We still have quite a few green tomatoes, and we may get a few of them turning red before the frost gets them. Our zucchini plants dried up a couple of weeks ago.
The funny thing is that a friend a few blocks away with a large garden still has zucchini plants that are trying to pop out a few last squash; but her tomato plants are finished. Figure that one out.
She designed two Krieghoff nighties with attached slippers. If you can't make out the details (click to enlarge them), the green nightie has a horse and snowflakes, and the blue one has a pine tree with a red "K" above it.
(Mama Squirrel suggested KriegCough Drops...maple-syrup flavoured with a hint of rum.) (Or whatever it was that the habitants drank.)
Picture by Crayons, September 2008, using Paint
Some resources I've found:
The National Gallery of Canada's "preview" page from an exhibition several years ago
Another preview page, which looks at his development as an artist
A page of gift-shop items based on Krieghoff's paintings (I found this amusing)
(Hey, that would be kind of a cool idea for a picture narration, wouldn't it?--Design something else inspired by Krieghoff's work. Besides a T-shirt or a Christmas card.)
Something else fun--which of these two is the real Krieghoff painting, and which is the fake?
A book I want to get from the library: Krieghoff: Images of Canada, by Dennis Reid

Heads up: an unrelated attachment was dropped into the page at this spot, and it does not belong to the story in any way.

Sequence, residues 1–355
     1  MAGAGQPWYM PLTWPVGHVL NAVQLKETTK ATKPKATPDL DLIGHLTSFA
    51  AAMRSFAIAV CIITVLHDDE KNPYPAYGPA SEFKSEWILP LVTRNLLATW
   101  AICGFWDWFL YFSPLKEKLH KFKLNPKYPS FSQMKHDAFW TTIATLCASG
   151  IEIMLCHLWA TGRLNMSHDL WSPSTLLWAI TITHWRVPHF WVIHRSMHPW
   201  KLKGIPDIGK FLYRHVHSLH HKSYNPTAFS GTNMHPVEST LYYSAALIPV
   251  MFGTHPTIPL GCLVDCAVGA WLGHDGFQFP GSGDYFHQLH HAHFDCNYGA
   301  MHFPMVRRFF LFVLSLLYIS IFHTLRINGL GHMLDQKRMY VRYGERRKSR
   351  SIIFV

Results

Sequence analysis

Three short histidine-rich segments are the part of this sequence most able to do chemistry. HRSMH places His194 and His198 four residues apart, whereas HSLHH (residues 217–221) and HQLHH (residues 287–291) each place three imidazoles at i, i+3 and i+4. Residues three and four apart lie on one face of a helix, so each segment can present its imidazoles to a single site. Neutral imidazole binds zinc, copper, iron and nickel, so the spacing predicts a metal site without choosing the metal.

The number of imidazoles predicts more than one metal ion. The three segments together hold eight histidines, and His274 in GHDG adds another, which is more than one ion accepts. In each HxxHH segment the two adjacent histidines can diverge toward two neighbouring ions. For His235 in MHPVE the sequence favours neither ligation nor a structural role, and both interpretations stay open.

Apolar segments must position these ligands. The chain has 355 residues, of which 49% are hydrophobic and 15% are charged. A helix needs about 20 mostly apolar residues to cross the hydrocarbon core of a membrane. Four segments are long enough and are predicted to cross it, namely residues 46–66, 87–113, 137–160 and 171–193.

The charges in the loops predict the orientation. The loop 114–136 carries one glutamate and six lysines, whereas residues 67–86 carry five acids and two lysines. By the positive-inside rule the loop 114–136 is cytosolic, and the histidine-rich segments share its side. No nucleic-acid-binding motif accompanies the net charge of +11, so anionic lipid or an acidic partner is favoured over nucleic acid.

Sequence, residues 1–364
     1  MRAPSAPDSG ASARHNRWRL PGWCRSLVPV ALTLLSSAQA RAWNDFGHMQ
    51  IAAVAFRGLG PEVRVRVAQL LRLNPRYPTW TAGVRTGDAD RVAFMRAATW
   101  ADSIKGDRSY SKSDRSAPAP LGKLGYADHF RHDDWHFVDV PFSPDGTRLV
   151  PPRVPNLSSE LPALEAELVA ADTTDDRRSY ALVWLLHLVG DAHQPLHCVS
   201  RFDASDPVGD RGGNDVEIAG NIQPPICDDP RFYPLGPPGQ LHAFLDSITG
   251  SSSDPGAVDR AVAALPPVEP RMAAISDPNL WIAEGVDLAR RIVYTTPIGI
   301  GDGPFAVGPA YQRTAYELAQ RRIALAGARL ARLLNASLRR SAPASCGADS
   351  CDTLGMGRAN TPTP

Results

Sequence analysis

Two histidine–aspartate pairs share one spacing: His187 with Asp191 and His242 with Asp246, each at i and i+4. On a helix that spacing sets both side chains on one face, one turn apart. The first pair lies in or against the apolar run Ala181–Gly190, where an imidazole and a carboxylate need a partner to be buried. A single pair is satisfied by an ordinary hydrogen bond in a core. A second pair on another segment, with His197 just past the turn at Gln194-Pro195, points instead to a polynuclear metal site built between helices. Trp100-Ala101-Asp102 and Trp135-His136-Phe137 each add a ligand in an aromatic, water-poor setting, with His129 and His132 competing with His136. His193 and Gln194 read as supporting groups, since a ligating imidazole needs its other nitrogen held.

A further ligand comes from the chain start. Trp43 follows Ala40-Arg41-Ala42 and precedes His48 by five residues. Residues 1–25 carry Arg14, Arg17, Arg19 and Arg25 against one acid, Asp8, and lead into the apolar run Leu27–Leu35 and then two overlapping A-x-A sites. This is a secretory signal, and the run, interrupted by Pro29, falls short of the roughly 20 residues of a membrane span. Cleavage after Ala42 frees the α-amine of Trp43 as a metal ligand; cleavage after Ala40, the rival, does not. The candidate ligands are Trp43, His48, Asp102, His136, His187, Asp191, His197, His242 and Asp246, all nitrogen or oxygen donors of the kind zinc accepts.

And not totally helpful, but a tie-in anyway (and the library has it): a CD of folk music called À la claire fontaine: Music in Krieghoff's Quebec.
Monday, September 29, 2008
OK, it wasn't a great month for reading. I promise to do better in October.
Wednesday, September 24, 2008
I have a non-dairy "chocolate dessert" recipe from Food That Really Schmecks. We've made it many times but never particularly considered the sodium content.
The ingredients, as written, are 1 heaping tbsp. cocoa, 3 heaping tbsp. flour (this is an old recipe!), 1/2 tsp. salt, 1 cup sugar, 2 cups water, 1 tsp. vanilla, and some butter to stir in at the end (I figured 2 tbsp.).
This recipe doesn't make very large servings (I'd say it serves 3-4), but counting it as a 4-serving dessert, one serving as written would have 295.9 mg sodium. About the same as the commercial milk-based pudding, although at least it's free of all the other additives.
If you use 1/4 tsp. salt, it brings it down to 149.1 mg.
If you cut it to 1/8 tsp. salt, it brings it down to 75.609 mg.
And if you leave the salt out altogether, you end up with 2.175 mg per serving.
Obviously, almost all the sodium in this recipe comes directly from the salt. The question is just how far back to cut it! I think I might try it with just a pinch of salt.
Oh, you wanted the recipe? It's a little inexact, but goes better with experience.
In a medium saucepan, combine the sugar, flour and cocoa, and salt if using. Mix with a little cold water to form a paste; then add in about 2 cups boiling water (less if you had to use more cold water). Cook over medium heat for about 10 minutes or until thick, stirring constantly or at least frequently. Remove from heat and stir in vanilla and butter or margarine. Chill before serving.
Tuesday, September 23, 2008
Favourite folk songs: "When I First Came to This Land". We also (very selectively) use some songs from Festivals, Family and Food (the ones without too much Mother Earth in them), and have also enjoyed the first volume of Michael Mitchell's Canada is For Kids. Crayons likes the video version of Mitchell's "Canada in My Pocket" (about the symbols on Canadian coins).